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Home       •        Curriculum Vitae       •        Term Paper Guide       •        Critical Reading       •        Analyzing Fiction       •        Writing Book Reviews

Writing Book Reviews

A book review tells not only what a book is about, but also how successful it is at what it is trying to do. Professors often assign book reviews as practice in careful analytical reading.

As a reviewer, you bring together the two strands of accurate, analytical reading and strong, personal response when you indicate what the book is about and what it might mean to a reader (by explaining what it meant to you). In other words, reviewers answer not only the WHAT but the SO WHAT question about a book. Thus, in writing a review, you combine the skills of describing what is on the page, analyzing how the book tried to achieve its purpose, and expressing your own reactions.


As you're reading or preparing to write the review, ask yourself these questions:

What are the author's viewpoint and purpose?
The viewpoint or purpose may be implied rather than stated, but often a good place to look for what the author says about his or her purpose and viewpoint is the introduction or preface.

What are the author's main points?
Again, these will often be stated in the introduction.

What kind of evidence does the author use to prove his or her points? Is the evidence convincing?
Why or why not? Does the author support his or her points adequately?

How does this book relate to other books on the same topic?
Is the book unique? Does it add new information? What group of readers, if any, would find this book most useful?

What are the most appropriate criteria by which to judge the book? How successful do you think the author was in carrying out the overall purposes of the book?
Depending on your book's purpose, you should select appropriate criteria by which to judge its success. For example, if an author says his or her purpose is to argue for a particular solution to a public problem, such as school reform or international relations, then the review should judge whether the author has defined the problem, identified causes, planned points of attack, provided necessary background information and offered specific solutions.

In other books, however, authors may argue for their theory about a particular phenomenon. Reviews of these books should evaluate what kind of theory the book is arguing for, how much and what kind of evidence the author uses to support his/her scholarly claims, how valid the evidence seems, how expert the author is, and how much the book contributes to the knowledge of the field.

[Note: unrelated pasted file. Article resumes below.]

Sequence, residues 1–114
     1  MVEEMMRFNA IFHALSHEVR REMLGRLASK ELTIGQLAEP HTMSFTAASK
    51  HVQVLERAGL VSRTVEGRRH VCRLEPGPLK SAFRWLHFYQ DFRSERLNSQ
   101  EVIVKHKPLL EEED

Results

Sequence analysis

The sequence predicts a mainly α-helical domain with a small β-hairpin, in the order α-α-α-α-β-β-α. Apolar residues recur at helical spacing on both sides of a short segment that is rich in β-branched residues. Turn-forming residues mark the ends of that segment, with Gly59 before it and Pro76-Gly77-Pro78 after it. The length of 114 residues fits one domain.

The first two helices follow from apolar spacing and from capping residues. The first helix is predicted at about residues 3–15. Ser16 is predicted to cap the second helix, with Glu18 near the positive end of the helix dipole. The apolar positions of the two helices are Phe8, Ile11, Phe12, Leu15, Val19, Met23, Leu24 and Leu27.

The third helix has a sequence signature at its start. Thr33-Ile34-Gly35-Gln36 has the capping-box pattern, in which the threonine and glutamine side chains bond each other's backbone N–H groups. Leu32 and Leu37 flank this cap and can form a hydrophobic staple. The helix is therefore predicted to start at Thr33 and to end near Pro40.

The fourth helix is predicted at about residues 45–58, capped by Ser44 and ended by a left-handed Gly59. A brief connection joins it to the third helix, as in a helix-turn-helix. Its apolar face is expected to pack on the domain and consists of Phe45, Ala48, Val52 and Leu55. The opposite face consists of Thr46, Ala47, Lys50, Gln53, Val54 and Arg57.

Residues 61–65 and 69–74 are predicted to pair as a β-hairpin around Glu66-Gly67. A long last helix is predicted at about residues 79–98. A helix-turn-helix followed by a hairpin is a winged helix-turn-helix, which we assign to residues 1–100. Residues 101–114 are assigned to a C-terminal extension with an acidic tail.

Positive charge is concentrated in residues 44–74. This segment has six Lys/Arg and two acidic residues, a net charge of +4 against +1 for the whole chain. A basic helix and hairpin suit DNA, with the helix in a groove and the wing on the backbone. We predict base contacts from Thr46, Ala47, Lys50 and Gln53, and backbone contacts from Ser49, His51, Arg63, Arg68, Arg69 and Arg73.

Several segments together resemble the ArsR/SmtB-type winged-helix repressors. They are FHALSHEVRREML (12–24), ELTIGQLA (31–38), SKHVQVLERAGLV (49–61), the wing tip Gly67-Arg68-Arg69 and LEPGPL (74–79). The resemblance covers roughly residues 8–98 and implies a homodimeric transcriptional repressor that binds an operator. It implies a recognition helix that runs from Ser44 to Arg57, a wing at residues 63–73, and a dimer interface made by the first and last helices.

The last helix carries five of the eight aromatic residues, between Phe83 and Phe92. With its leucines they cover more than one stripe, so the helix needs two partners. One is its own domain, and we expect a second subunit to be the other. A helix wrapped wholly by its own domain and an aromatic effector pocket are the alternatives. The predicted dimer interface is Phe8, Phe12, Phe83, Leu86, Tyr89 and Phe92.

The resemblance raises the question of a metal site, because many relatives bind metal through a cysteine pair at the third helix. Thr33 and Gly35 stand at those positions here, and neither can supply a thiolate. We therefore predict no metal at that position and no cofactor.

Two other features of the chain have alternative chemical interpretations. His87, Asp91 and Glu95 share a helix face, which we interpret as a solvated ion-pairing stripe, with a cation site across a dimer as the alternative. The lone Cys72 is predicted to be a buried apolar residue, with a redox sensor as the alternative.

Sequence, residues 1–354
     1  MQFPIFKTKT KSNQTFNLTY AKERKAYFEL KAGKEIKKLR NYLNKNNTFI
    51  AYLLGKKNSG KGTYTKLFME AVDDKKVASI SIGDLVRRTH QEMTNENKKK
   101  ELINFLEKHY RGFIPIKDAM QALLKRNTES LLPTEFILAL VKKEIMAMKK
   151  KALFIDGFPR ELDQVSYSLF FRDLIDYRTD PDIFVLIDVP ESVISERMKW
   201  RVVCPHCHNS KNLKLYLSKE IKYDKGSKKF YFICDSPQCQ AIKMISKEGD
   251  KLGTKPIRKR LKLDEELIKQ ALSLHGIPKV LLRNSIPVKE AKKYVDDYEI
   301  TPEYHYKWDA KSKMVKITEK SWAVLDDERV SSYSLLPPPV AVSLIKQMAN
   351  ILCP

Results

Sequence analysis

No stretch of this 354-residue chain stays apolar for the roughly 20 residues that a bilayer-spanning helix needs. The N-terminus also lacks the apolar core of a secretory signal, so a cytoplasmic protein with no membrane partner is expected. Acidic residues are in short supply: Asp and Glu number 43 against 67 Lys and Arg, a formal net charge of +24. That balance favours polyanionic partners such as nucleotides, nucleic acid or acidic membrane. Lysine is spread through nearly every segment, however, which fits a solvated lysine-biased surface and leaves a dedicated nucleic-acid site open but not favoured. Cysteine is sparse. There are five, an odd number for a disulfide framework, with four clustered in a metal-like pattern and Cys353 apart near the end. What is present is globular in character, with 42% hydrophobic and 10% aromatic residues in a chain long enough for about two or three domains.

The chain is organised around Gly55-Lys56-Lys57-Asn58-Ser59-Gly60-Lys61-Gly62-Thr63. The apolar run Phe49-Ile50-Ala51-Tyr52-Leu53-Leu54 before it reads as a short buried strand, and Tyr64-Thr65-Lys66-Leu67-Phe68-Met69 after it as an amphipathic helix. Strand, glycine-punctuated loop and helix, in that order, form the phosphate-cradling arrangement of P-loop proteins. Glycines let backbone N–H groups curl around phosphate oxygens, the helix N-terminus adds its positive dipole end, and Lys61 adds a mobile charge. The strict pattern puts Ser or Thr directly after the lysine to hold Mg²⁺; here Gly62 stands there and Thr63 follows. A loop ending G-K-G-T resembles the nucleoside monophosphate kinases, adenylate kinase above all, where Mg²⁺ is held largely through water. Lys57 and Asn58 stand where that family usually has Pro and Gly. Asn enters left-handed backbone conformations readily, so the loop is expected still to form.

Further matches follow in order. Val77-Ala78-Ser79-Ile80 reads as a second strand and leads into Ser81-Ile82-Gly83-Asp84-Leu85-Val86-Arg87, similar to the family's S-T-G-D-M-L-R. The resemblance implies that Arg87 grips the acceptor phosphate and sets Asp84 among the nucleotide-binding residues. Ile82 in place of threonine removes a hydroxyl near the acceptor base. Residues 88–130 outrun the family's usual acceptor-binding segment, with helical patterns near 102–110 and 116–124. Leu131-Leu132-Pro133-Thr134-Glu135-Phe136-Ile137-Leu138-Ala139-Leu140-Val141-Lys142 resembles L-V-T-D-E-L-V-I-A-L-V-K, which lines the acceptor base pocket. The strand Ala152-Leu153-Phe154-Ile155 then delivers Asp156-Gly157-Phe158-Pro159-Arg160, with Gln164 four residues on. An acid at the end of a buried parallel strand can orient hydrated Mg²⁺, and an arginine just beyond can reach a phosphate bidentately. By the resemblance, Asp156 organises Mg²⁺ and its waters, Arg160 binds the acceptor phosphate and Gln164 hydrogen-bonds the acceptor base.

Although you should include what you feel is appropriate for explaining your assessment of a book, reviews generally include the following kinds of information.

Most reviews start off with a heading that includes all the bibliographic information about the book. Use the following format:

Title. Author. Place of publication: publisher, date of publication. Number of pages.

Like most pieces of writing, the review itself usually begins with an introduction that lets your readers know what the review will say. Include a very brief overview of the contents of the book, the purpose or audience for the book, and your reaction and evaluation.

Next, the review gives a summary of the main points of the book, quoting and paraphrasing key phrases from the author. This will be the bulk of your paper (roughly 2/3 of its content). In this section you want to keep it descriptive -- grant the book its points, and present them as you imagine the author would like them summarized.

Finally, reviewers get to the heart of their writing -- their evaluation of the book. In this section, reviewers discuss a variety of issues:

* how well the book has achieved its goal,
* what possibilities are suggested by the book,
* what the book has left out,
* how the book compares to others on the subject, and
* what specific points are not convincing.

It is important to carefully distinguish your views from the author's, so that you don't confuse your reader.

Like other essays, book reviews usually end with a conclusion which ties together issues raised in the review and provides a concise comment on the book.

There is no set formula, but a general rule of thumb is that the first two-thirds of the review should summarize the author's main ideas and one-third should evaluate the book.


After you've completed your review, be sure to proofread it carefully for errors and typos. Double-check your bibliographic heading -- title, author, publisher, and pages -- for accuracy and correct spelling as well.

NOTE: This material was taken from several other sources and modified to suit my courses. Original source(s) unknown.

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